|An open letter from a grammar pedant:
||[Sep. 22nd, 2003|10:17 am]
Dear Chuck Palahnuik:
On page 148 of your guide to Portland, "Fugitives and Refugees", you write:
"According to Krista Swan, event coordinator for the Oregon Zoo, most of the animals are "corpuscular", meaning they're most active at dawn or dusk."
Now Chuck, a gritty writer such as yourself probably knows the word "corpuscle" by now:
NOUN: 1a. An unattached body cell, such as a blood or lymph cell. b. A rounded globular mass of cells, such as the pressure receptor on certain nerve endings.
2. A discrete particle, such as a photon or an electron.
3. A minute globular particle.
OTHER FORMS: cor·puscu·lar (kôr-psky-lr) —ADJECTIVE
While it might not be entirely inaccurate to use the metaphor of an "unattached body cell" to describe the existential plight of a zoo animal, raised away from its usual pack or herd, the "active at dawn" part blows the whole thing. The word you really wanted is:
ADJECTIVE: 1. Of or like twilight; dim: “the period's crepuscular charm and a waning of the intense francophilia that used to shape the art market” (Wall Street Journal).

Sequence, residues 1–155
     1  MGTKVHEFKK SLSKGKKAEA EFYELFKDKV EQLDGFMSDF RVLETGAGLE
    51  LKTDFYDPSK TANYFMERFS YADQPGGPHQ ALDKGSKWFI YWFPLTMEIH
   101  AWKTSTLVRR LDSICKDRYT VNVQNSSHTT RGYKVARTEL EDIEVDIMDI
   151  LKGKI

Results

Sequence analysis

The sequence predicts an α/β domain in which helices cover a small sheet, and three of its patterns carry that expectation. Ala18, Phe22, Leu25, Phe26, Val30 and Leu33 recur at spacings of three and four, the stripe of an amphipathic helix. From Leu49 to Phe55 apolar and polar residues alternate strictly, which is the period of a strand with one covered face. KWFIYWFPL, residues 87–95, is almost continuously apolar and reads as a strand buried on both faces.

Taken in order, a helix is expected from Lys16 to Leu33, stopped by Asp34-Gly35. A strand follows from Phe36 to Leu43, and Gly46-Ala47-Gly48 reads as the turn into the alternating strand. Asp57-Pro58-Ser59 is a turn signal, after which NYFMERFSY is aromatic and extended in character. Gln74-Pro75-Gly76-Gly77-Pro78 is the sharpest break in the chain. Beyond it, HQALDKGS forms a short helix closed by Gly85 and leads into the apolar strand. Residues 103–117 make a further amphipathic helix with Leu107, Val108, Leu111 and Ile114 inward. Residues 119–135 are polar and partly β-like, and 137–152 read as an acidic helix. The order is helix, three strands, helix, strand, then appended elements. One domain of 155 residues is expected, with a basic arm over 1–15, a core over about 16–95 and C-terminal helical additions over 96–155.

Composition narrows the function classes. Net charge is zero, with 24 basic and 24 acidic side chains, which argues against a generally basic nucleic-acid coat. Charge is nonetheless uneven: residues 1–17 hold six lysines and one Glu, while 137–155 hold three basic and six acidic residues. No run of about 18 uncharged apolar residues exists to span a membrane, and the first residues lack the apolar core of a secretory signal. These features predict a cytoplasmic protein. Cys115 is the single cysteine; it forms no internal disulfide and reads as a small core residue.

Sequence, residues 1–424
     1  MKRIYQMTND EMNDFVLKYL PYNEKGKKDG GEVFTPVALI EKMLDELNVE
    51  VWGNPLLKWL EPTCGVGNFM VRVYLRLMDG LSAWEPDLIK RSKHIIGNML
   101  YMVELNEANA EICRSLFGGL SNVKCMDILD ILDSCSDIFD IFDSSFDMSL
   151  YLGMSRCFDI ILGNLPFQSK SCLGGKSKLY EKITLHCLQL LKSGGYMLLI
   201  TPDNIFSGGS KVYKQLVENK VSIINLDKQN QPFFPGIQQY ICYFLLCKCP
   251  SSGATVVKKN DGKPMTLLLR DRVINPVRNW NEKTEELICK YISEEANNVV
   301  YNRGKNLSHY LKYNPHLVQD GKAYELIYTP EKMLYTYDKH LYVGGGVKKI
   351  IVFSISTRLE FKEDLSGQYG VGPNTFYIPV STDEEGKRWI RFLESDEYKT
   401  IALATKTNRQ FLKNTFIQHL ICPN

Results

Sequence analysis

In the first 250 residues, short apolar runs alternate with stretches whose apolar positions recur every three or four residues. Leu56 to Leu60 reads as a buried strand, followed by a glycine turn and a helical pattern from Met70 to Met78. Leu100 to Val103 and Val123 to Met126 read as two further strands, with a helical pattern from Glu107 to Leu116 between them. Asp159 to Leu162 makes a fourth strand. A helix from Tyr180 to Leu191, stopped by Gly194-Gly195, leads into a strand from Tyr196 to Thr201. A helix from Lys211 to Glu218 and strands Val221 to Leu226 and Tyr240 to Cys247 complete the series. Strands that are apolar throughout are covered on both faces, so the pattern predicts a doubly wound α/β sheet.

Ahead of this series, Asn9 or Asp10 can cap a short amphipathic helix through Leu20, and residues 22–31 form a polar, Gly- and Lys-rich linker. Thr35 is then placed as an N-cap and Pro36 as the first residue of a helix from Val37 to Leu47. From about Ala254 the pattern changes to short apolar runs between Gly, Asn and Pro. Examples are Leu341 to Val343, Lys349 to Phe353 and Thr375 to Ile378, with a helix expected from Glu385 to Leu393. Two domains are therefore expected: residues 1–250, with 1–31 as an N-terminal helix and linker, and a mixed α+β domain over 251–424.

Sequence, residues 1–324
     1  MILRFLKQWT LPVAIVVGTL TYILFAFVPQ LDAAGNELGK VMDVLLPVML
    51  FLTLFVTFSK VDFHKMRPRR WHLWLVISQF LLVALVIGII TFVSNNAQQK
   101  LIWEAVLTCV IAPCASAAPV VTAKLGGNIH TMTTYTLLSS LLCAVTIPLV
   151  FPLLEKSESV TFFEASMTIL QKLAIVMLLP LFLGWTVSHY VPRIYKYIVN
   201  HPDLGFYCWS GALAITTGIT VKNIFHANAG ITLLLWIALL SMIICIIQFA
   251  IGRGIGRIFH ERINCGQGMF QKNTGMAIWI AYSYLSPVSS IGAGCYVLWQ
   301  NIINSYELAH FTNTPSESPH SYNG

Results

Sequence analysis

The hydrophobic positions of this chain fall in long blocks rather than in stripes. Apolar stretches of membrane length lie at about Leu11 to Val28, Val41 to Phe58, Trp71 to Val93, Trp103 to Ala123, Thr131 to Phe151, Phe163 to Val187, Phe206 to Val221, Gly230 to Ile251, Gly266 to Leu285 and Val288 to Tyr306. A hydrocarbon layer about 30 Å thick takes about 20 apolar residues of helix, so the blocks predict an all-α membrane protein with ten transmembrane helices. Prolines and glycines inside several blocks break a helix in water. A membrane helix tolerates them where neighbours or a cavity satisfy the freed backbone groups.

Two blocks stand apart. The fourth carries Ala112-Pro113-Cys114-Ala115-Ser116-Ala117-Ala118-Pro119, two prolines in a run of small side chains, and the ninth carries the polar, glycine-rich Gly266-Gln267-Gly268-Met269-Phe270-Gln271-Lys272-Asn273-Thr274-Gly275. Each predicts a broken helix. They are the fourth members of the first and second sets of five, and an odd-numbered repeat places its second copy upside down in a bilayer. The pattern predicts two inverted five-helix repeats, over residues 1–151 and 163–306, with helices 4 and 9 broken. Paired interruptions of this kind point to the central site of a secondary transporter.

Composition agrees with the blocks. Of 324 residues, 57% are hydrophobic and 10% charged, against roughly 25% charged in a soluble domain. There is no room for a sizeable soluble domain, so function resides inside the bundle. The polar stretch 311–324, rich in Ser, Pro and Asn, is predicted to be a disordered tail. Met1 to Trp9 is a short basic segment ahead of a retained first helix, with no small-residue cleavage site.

2. Zoology Becoming active at twilight or before sunrise, as do bats and certain insects and birds.
The only reason I ever learned this word was having been way too into Cabaret Voltaire as a college freshman and, encountering the album 8 Crepuscule Tracks, I had to find out what the hell "Crepuscule" meant. But whoever edited your book should have known without having to be a Cabaret Voltaire fan. The editor's job is to help the writer when he confuses words, or when spellcheck goes nuts and confuses blood cells with dusk activity. As a matter of fact, LJ's spellcheck just did the same thing and suggested "corpuscular" instead of "crepuscular". A competent editor would know to tell the spellcheck when to fuck off.
Chuck, tell Crown Publishers that bad editors make a writer's fans unhappy when they fuck up the writer's text. Considering how sociopathic some of your fans seem to be, that could be dangerous were a Crown executive to run into a gang of them on a dark street. Please use your power as a literary bad boy/wunderkind to get this editor reprimanded, or at least, to get him or her a spellchecker that's worth a shit.